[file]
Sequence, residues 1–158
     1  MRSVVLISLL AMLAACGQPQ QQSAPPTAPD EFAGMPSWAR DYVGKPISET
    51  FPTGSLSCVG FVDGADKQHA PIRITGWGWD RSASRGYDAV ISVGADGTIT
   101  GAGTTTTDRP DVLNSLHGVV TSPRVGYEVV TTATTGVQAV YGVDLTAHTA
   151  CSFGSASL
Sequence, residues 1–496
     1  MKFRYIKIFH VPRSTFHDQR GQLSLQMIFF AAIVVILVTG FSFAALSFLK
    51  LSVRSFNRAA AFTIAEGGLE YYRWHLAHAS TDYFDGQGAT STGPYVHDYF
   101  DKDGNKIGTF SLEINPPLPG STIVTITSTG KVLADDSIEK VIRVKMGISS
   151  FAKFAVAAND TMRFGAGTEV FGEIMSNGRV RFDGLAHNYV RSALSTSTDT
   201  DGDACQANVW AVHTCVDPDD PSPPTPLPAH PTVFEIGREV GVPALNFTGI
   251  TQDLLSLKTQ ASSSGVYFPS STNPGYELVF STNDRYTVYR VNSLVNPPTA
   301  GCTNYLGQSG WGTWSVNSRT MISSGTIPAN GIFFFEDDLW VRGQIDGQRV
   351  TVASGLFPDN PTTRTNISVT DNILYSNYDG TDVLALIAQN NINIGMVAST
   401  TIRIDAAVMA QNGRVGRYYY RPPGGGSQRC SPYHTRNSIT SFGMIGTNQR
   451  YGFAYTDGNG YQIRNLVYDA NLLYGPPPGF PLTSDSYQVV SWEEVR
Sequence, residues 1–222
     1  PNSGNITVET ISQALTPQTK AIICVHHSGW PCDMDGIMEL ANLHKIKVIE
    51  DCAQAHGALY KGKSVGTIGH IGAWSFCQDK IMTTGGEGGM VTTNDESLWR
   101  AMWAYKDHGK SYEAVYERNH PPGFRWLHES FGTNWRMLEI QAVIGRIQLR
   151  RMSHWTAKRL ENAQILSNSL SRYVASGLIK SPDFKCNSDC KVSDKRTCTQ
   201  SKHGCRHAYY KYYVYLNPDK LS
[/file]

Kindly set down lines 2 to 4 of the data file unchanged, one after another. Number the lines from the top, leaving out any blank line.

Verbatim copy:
     1  MRSVVLISLL AMLAACGQPQ QQSAPPTAPD EFAGMPSWAR DYVGKPISET
    51  FPTGSLSCVG FVDGADKQHA PIRITGWGWD RSASRGYDAV ISVGADGTIT
   101  GAGTTTTDRP DVLNSLHGVV TSPRVGYEVV TTATTGVQAV YGVDLTAHTA